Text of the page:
BENGALURU, India The electronics industry is doing very little to achieve ecologically sustainable growth, a goal that must start with semiconductor manufacturing, a U.S. executive said.
Visiting here, Mike Splinter, president and CEO of Applied Materials Inc. (Santa Clara, Calif.), said the semiconductor industry continues to focus on increasing speed and performance rather than on more efficient energy usage. Instead, Splinter said future chip architectures must focus on optimal energy use.
With increased use of semiconductors in consumer electronics, chips can play a larger role in ecological sustainability, Splinter added.
Speaking to members of the India Semiconductor Association here, Splinter said global demand for consumer electronics makes sustainability a priority, especially since few manufacturers are focusing on the issue.
"Sustainability is becoming a critical issue now that human activity-induced climate change is happening at a terrifying pace. The global electronics industry impacts energy consumption and waste in a very significant way and it must address the sustainability challenge head-on," Splinter told the group.
Economic growth is driving demand for electronics in Brazil, Russia, India and China. Growing semiconductor content in consumer electronics is paralleled by growing energy demand.
"Growing demand for electronics and the rising chip usage in electronics is causing more energy to be used, and this is bringing about more recycling challenges," Splinter said. "Waste management in the semiconductor and electronics manufacturing chain is a huge issue, but is not being looked at in the way it ought to. It is up to us to decide whether sustainability is a threat or an opportunity," Splinter said.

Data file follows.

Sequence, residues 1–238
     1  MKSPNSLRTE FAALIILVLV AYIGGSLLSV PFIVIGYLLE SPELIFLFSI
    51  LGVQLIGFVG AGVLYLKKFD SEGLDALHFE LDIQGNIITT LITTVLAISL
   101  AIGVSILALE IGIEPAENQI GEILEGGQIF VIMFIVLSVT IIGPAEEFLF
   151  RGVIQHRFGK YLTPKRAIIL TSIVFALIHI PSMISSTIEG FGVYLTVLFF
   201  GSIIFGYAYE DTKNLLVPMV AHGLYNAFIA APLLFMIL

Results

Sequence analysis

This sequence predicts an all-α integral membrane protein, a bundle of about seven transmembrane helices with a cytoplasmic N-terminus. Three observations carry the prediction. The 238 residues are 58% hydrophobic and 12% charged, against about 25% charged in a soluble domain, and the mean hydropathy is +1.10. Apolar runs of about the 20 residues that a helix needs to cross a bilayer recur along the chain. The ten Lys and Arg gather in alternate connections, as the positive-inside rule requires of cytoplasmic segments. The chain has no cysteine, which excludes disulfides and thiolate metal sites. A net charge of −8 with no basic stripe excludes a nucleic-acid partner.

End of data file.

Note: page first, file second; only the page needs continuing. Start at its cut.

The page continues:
Along with energy efficiency, the IC industry needs to use more renewable energy sources in its production facilities. Splinter challenged manufacturers to reduce total energy consumption by 20 percent over the next five years.
"Every transistor in every chip and the chip architecture itself needs to use less energy. While the ability to make chips more energy efficient is there, the design gains are used for performance rather than for energy savings. There just needs to be a significant change in microprocessor architecture, with the clear target being energy efficiency," Splinter said.
The chip manufacturing equipment vendor is aiming to cut its own energy use by 20 percent, and has decided that its new products will be 20 percent more energy efficient than equipment they replace.
In October, Applied opened a photovoltaic R&D center in Germany.